Recently, philosopher Michael Cholbi tweeted this story: “Why Can’ More Poor People Escape Poverty?”, along with the suggestion that the findings described therein could have implications for virtue theory. To make a long story short:
“In the 1990s, social psychologists developed a theory of “depletable” self-control. The idea was that an individual’s capacity for exerting willpower was finite—that exerting willpower in one area makes us less able to exert it in other areas.”
Relevant experiments have been extensively replicated, and the depletable self-control hypothesis seems reasonably well-confirmed. The implication for poverty is this: the less money you have, the more situations you will encounter in which you must restrain yourself and make difficult purchasing tradeoffs, and this means you’ll have less willpower leftover later to deal with other situations in which you might need it. In other words, of two individuals who have the same baseline level of natural and/or cultivated willpower (assuming there is such a thing), the richer one will make better choices, ceteris paribus, than the poorer one, where those choices require willpower and self-control.
In light of these findings, and to put some words in Dr. Cholbi’s mouth, we might wonder whether it is reasonable to maintain a commonsense view that willpower and self-control are virtues: stable states of character with rational, affective, and behavioral components, and which agents cultivate over time. Instead, the depletable self-control hypothesis suggests that the behaviors of individuals are largely subject to the circumstances in which they find themselves, financially and choices-wise. The fact of the psychological matter may be that willpower is less of a trait that one develops and more of a force to which one is susceptible.
However, I think it makes better sense to think about the depletable willpower hypothesis not as evidence that willpower isn’t a virtue, but as supporting the view that developing the virtues requires a sufficient amount of certain external goods (such as money, health, being born into a good family, etc). At first blush, the external goods requirement may seem as somewhat elitist, entailing as it does that privileged people are more likely to become virtuous. But really this is a reasonable alternative to the Socratic-ish view that only morally bad acts can truly harm us, and therefore that virtue can be developed essentially independently of one’s circumstances. Tragic as it is, our life possibilities are in fact constrained by the situations in which we find ourselves, situations that may not be entirely or even partially under our control, and this includes our prospects for flourishing or not. If you are poor, the moral deck may be stacked against you when it comes to willpower (and becoming well educated, and reserving time for contemplation, and having aesthetic experiences, and so on).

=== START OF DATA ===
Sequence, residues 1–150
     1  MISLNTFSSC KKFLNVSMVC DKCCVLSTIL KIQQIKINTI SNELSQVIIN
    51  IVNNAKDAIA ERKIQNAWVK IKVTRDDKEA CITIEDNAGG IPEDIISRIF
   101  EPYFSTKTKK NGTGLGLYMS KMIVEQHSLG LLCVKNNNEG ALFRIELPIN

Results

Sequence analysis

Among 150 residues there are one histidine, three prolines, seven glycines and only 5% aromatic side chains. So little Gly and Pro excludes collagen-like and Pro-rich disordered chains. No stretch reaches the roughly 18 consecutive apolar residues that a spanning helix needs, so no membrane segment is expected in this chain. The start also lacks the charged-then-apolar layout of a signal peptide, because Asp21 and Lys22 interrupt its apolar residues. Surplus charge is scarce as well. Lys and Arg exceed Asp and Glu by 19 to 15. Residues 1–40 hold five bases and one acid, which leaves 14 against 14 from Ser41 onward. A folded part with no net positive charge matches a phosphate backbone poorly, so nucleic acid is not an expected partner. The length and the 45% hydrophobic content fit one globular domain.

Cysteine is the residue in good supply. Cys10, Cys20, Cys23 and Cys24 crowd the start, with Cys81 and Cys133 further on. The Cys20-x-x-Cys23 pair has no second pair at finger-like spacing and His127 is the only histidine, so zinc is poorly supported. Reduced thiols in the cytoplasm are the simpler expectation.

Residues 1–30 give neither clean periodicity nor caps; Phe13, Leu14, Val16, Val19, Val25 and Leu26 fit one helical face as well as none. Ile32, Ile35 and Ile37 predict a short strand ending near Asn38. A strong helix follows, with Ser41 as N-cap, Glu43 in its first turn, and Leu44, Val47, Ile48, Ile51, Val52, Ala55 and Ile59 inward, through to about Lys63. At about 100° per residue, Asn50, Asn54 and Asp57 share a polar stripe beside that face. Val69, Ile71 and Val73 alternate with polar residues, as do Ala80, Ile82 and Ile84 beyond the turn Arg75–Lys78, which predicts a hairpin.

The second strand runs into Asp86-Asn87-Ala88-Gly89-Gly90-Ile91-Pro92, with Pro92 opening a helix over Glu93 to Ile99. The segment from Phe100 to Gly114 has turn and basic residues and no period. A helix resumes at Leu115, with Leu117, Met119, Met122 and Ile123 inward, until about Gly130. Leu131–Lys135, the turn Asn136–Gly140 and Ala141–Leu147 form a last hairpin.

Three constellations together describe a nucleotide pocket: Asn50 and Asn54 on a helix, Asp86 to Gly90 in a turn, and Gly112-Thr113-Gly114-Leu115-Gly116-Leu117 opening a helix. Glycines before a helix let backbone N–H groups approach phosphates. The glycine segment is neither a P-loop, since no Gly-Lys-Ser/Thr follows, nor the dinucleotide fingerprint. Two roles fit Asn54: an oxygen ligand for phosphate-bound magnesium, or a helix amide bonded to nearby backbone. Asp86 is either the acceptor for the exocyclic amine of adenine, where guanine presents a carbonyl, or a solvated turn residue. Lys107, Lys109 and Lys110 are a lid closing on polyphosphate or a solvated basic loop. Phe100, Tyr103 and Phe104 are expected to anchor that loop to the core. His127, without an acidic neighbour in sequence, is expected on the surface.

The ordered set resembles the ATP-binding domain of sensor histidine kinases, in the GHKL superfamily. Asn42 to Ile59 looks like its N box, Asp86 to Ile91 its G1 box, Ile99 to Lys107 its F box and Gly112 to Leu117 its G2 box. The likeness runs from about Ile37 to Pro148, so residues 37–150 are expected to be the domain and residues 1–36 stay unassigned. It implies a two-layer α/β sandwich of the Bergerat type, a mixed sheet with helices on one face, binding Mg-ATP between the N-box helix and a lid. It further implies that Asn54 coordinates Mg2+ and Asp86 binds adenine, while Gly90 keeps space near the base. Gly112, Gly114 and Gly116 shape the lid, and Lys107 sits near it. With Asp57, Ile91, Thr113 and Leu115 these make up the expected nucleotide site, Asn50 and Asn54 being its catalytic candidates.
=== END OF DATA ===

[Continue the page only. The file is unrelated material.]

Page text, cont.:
But, even assuming that the external goods requirement is correct, we can and should take up the further question of the extent to which an individual bears responsibility for her continued lack (or possession) of some external good or other. A clear example is to what kind of family you’re born, an external good potentially contributing to human flourishing for which no one ever bears responsibility. People will be responsible for their financial situations (and, relatedly, the extent to which their willpower is continually taxed) to varying degrees.
This picture pretty much comports with standard Aristotelian virtue ethics, and with commonsense morality too, I think. Its most important implication for the depletable willpower hypothesis is actually not related to understanding how virtue theory applies to impoverished individuals themselves, but for correcting how we morally appraise those individuals. If the hypothesis is true, and a person is impoverished for reasons substantially beyond her control, compassion and wisdom require that we refrain from labeling her as merely lacking in willpower, or as having anemic self-control. This may cause us to treat impoverished people better (policy-wise or on an individual level) than we would if we were thinking of them instead as weak, depraved, akratic, etc.
Finally, notice that there are still rich people facing few willpower-taxing situations who still make bad choices. The external good of financial security supports willpower, self-control, and temperance, but it doesn’t guarantee them. These qualities may indeed be virtues, but virtues that are more dependent upon the having the external good of wealth than some other virtues.